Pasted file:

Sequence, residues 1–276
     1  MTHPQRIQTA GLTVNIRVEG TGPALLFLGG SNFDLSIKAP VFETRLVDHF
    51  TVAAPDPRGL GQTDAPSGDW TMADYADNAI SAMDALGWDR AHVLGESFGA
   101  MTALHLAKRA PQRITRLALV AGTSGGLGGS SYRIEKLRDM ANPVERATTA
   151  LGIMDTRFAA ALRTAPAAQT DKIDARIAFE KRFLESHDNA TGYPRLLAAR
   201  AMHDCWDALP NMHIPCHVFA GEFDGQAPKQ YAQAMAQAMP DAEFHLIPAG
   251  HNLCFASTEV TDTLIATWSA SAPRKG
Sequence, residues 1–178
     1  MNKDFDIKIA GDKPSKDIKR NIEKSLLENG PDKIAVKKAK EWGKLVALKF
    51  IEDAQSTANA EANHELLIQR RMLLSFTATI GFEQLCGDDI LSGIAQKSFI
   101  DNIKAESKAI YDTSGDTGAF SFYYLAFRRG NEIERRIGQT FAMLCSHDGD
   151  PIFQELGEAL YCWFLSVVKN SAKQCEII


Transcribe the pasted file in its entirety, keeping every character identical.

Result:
Sequence, residues 1–276
     1  MTHPQRIQTA GLTVNIRVEG TGPALLFLGG SNFDLSIKAP VFETRLVDHF
    51  TVAAPDPRGL GQTDAPSGDW TMADYADNAI SAMDALGWDR AHVLGESFGA
   101  MTALHLAKRA PQRITRLALV AGTSGGLGGS SYRIEKLRDM ANPVERATTA
   151  LGIMDTRFAA ALRTAPAAQT DKIDARIAFE KRFLESHDNA TGYPRLLAAR
   201  AMHDCWDALP NMHIPCHVFA GEFDGQAPKQ YAQAMAQAMP DAEFHLIPAG
   251  HNLCFASTEV TDTLIATWSA SAPRKG
Sequence, residues 1–178
     1  MNKDFDIKIA GDKPSKDIKR NIEKSLLENG PDKIAVKKAK EWGKLVALKF
    51  IEDAQSTANA EANHELLIQR RMLLSFTATI GFEQLCGDDI LSGIAQKSFI
   101  DNIKAESKAI YDTSGDTGAF SFYYLAFRRG NEIERRIGQT FAMLCSHDGD
   151  PIFQELGEAL YCWFLSVVKN SAKQCEII